As far back as I can recall, I always wanted to be pretty. I know that sounds really shallow, but this is a safe space, right? Great! So as I was saying, my greatest goal in life as a little girl was to grow up to be pretty.  I knew this wasn’t an acceptable life goal, so when adults would ask that obligatory question, “What do you want to be when you grow up?” I knew to rattle off the standard respectable answers that Black children are supposed to recite.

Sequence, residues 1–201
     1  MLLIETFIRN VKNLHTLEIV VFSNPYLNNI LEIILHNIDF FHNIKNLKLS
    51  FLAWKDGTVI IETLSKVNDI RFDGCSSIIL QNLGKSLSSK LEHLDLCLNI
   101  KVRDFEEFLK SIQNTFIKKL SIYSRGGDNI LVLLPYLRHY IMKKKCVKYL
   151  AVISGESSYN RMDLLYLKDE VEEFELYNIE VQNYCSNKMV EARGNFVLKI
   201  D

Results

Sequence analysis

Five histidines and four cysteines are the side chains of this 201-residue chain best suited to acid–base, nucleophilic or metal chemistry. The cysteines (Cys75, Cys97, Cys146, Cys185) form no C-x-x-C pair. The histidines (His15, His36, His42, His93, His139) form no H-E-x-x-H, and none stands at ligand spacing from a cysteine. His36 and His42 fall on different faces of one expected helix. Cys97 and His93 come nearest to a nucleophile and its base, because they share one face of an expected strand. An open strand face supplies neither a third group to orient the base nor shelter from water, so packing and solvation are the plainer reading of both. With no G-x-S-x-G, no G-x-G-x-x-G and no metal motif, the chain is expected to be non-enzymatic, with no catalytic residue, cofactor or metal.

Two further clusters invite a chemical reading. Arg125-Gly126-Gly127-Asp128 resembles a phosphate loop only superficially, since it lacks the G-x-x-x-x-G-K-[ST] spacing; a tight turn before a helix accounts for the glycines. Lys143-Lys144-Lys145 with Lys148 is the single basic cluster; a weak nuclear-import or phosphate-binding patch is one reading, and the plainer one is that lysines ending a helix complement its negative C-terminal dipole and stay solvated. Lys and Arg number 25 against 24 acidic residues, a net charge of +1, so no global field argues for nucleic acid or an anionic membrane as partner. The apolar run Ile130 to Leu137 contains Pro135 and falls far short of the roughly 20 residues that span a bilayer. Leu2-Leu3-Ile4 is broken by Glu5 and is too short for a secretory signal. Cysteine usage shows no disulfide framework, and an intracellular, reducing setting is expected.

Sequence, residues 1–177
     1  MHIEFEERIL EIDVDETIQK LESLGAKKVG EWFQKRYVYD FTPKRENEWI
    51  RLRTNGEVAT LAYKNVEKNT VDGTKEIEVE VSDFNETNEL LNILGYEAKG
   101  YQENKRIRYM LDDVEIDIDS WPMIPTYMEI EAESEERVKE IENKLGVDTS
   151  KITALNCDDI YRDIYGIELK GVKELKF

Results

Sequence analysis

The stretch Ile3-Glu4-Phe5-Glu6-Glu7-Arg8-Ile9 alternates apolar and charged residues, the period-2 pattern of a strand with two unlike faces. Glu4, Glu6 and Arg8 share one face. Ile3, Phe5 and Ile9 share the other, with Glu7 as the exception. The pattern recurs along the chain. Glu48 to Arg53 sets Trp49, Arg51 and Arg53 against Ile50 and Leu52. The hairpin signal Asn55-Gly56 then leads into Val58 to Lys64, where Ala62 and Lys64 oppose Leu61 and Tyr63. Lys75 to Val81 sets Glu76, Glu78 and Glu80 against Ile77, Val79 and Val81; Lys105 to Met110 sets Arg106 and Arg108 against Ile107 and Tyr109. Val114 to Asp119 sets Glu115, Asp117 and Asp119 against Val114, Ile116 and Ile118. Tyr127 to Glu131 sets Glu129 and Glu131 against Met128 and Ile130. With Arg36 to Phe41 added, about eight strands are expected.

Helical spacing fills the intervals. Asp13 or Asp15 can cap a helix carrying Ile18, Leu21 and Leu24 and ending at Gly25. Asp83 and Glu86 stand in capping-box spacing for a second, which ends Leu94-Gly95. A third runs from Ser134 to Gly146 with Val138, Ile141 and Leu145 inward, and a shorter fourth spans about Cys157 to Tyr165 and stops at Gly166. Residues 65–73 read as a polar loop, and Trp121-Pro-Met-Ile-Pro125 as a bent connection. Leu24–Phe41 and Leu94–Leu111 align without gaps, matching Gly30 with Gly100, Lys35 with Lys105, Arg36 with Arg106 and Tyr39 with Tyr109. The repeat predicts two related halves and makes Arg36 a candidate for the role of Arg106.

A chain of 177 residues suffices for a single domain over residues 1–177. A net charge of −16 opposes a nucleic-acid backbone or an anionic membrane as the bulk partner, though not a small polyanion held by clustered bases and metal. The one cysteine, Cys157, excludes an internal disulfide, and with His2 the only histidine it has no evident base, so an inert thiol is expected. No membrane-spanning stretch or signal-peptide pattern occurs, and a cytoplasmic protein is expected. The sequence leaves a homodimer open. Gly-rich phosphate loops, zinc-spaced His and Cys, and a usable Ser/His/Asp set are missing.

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With great sincerity, I would say, “I want to be a physician or a veterinarian. I would like to do both, but we’ll see.” And while my mom would beam with pride over her ambitious little girl, I knew the whole time that was a bunch of bull. Truthfully, I never really knew with certainty and commitment the specific career I wanted. What I knew for sure was that I wanted to be wealthy, successful at something, and most of all, I wanted to be pretty. What brought about this burning desire? First of all, I grew up in the 90’s; the heyday of Black film and television. During that time, there was no shortage of images of beautiful Black women of all colors and shapes…and whose beauty was attainable. The first time I saw A Low Down Dirty Shame, it was Peaches (Jada Pinkett-Smith), not Angela (Salli Richardson), who I became obsessed with. I wanted to be Debbie (Nia Long), not Mrs. Parker (Kathleen Bradley), in Friday.  The character that really sealed it for me was Natalie (Halle Berry) in Strictly Business.  Notice a pattern?  More on that later. Second, I have the privilege of being from an insulated Black community in Atlanta—East Point, to be exact.  There is a huge benefit to growing up among people who look like you, but who are not a monolith. Black people who are born and raised in Atlanta see blackness at every part of the spectrum, from the very wealthy to the very poor. Additionally, there is a very close juxtaposition of the haves and the have nots. For this reason, we never knew blackness to mean “minority” or “less than.” We grew up with the knowledge that there is no one way to be Black, and no one way to be beautiful, because blackness is so inclusive of so many additional identities. I have always seen blackness as limitless, not limiting. Third, the Black women who raised me carried themselves with a certain air.  I never heard any of them speak negatively about their appearance. I never heard my mother compare herself to white women, or long for their features.  With her high cheekbones, flawless skin, full lips, and hips, my mommy let me know early on through her actions to be an unapologetic Black woman who takes pride in her being. Beauty seemed like a reasonably attainable goal to have since I was surrounded by it at all times in my life.  I went to all Black schools with all Black teachers who unknowingly fed this secret desire of mine. My very prideful and fashion-conscious mother dressed me to the nines every day for school.  So much so that I was the favorite of my teachers, and they would send me to the classrooms of other teachers to show them my look of the day. I’m not joking or exaggerating here; that was my life. In my mind, that kind of approval was the height of accomplishment, and I was actively living out my goal. Then came my awkward phase, and my life goal went to shit. It was right around middle school when I learned that I would rarely—if ever—be considered the prettiest girl in any room, no matter how hard I tried to look like everyone else. I wanted to be the girl who the boys all chose, but I learned about the emptiness that comes from seeking that kind of approval when the first boy I ever kissed said he only did it because no one else would because I was ugly. Beauty then became something I hated and resented. That was my first real rejection, and it stuck with me. I internalized the belief that I wasn’t one of the pretty girls, and it hit me like a Mack truck how ridiculous that goal of mine was. In response, I did that thing that the girl who is deemed the “less-attractive” friend in the group is forced to do in adolescence: I developed a personality because I couldn’t rely on looks to get me by. The more comfortable I grew with myself as someone who is smart, funny, outspoken, charming, and talented, the more I learned to feel beautiful on my own terms. From that initial rejection, beauty by anyone else’s definition just became less and less important to me. As my personality grew, I saw that that’s what I was seeking from those movie characters I admired as a young girl. I wasn’t obsessed with them solely because they were pretty, it was their confidence that I wanted. Peaches was loud, funny, and fierce. Debbie was courageous and effortless. Natalie moved through New York city nightlife like she owned everything, and was unafraid to go after what she wanted. Growing up black in Atlanta in the 90’s taught me how to define beauty on my own terms.  It is the knowledge of and confidence in oneself that births true beauty; the kind that isn’t subject to anyone else’s ideals. We can’t seek the approval of the world, because that goal post is always moving. What we can do is look at ourselves closely and discover those unique qualities that strengthen us. Ultimately, the only person whose perception of your beauty you can control is your own.